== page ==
Jeff Madrick is the Director of the Bernard L. Schwartz Rediscovering Government Initiative at the Century Foundation and Editor of Challenge Magazine. He teaches at Lang College, the New School. His book Seven Bad Ideas: How Mainstream Economists Damaged America and the World was published last year.


 (May 2016)

IN THE REVIEW

The Little-Known Ted

Ted Kennedy outside his office at the Russell Senate Office Building, Washington, D.C., March 2006

Lion of the Senate: When Ted Kennedy Rallied the Democrats in a GOP Congress

by Nick Littlefield and David Nexon
I should have suspected that Nick Littlefield had a career on Broadway before he entered politics. Littlefield was the Kennedy aide who brought me to the senator’s attention in the 2000s based on my articles in these pages and others. My task was generally to write speeches and later to …

How the Lobbyists Win in Washington

President Obama announcing his nomination of the telecom industry lobbyist Tom Wheeler as chairman of the Federal Communications Commission, May 2013

The Business of America Is Lobbying: How Corporations Became Politicized and Politics Became More Corporate

by Lee Drutman

The Influence Machine: The US Chamber of Commerce and the Corporate Capture of American Life

by Alyssa Katz
On President Obama’s first day in office in 2009, he issued an executive order to close “the revolving door” between government and the private sector by restricting the hiring of any registered lobbyists for positions in his administration. But Obama himself eventually hired at least seventy lobbyists, many of whom …

The Rocky Road to Taking It Easy

Senator Elizabeth Warren, Washington, D.C., 2013

Falling Short: The Coming Retirement Crisis and What to Do About It

by Charles D. Ellis, Alicia H. Munnell, and Andrew D. Eschtruth

Social Security Works! Why Social Security Isn’t Going Broke and How Expanding It Will Help Us All

by Nancy J. Altman and Eric R. Kingson, forward by David Cay Johnston
Social Security may well be the most popular social program in America. Its popularity may explain why it has seemed easy to frighten the general public about Social Security’s demise with an alarmist campaign that has been underway since the 1990s and early 2000s, and continues today.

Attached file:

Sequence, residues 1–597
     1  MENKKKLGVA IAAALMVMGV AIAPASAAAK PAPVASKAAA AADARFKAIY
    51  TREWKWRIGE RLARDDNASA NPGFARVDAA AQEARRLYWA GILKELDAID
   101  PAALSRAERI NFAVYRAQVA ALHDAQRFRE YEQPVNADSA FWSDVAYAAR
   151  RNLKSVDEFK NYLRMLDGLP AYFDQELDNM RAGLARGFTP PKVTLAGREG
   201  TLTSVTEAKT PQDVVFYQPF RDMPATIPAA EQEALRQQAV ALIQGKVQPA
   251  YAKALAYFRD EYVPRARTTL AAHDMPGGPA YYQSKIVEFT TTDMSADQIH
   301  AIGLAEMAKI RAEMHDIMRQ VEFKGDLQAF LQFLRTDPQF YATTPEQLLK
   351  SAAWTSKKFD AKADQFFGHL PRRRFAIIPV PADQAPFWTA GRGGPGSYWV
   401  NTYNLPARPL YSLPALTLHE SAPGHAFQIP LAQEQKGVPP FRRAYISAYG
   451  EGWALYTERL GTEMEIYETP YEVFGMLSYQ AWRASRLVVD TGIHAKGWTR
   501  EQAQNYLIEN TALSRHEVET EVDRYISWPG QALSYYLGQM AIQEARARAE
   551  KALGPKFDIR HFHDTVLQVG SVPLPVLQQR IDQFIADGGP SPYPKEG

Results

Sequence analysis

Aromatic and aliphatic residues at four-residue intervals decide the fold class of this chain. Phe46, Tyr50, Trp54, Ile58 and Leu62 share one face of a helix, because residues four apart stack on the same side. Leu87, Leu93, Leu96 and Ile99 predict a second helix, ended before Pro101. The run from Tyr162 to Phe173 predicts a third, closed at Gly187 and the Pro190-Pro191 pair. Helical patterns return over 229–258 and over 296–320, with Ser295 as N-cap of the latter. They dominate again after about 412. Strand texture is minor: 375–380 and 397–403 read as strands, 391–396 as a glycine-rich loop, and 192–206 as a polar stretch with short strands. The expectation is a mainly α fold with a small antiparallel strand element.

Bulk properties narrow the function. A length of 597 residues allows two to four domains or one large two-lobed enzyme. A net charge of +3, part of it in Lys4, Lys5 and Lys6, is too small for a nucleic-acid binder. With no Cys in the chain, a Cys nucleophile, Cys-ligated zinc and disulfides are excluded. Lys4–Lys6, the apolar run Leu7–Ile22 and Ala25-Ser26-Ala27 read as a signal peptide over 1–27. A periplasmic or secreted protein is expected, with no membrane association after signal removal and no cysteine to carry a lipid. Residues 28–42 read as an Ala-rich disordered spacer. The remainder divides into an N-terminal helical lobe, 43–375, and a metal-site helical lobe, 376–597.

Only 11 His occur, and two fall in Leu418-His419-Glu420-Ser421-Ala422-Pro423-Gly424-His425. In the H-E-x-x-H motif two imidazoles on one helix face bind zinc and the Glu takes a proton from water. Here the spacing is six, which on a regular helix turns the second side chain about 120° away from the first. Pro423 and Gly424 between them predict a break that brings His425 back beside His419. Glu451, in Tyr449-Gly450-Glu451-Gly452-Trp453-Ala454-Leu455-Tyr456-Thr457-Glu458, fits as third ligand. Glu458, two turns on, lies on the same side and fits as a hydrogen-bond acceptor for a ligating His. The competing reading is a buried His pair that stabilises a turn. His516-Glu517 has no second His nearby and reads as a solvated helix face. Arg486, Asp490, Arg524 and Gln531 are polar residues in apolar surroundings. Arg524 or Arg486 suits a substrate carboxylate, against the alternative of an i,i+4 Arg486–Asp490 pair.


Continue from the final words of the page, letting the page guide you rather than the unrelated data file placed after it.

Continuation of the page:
NYR DAILY

America’s Lost Workers

Cleveland, 2016

While macroeconomic data show a relatively healthy US economy, overall participation in the workforce—what is known as the employment-to-population ratio—is historically low. One explanation is that many more people are in school, but that still leaves some 9.5 million fewer men at work than in 1965. There are simply too few jobs.

The Cost of Child Poverty

A boy looking into the Louis H. Pink housing project, Brooklyn, New York, 2012

Among the many forces contributing to the recent epidemic of tension between police and mostly black urban communities, from Ferguson to Cleveland to Baltimore, one in particular has been all too little acknowledged: America’s child poverty crisis.

The Real Lesson of Lehman

What would have happened if the federal government had saved Lehman Brothers back in September 2008? The nation would certainly not have passed the Dodd-Frank financial reforms. Nor would there have been enormous pressure on other federal agencies, including the Securities and Exchange Commission and the Commodities Futures Trading Commission to become more vigilant.

Stuck on Inflation

Despite a near perfect record of misses, inflation hawks that help set the Fed’s interest rate policies are making influential public pronouncements again. The public, policymakers, and the media should recognize not merely how flawed their judgment has been in the past, but that their conclusions are the same almost no matter the circumstances.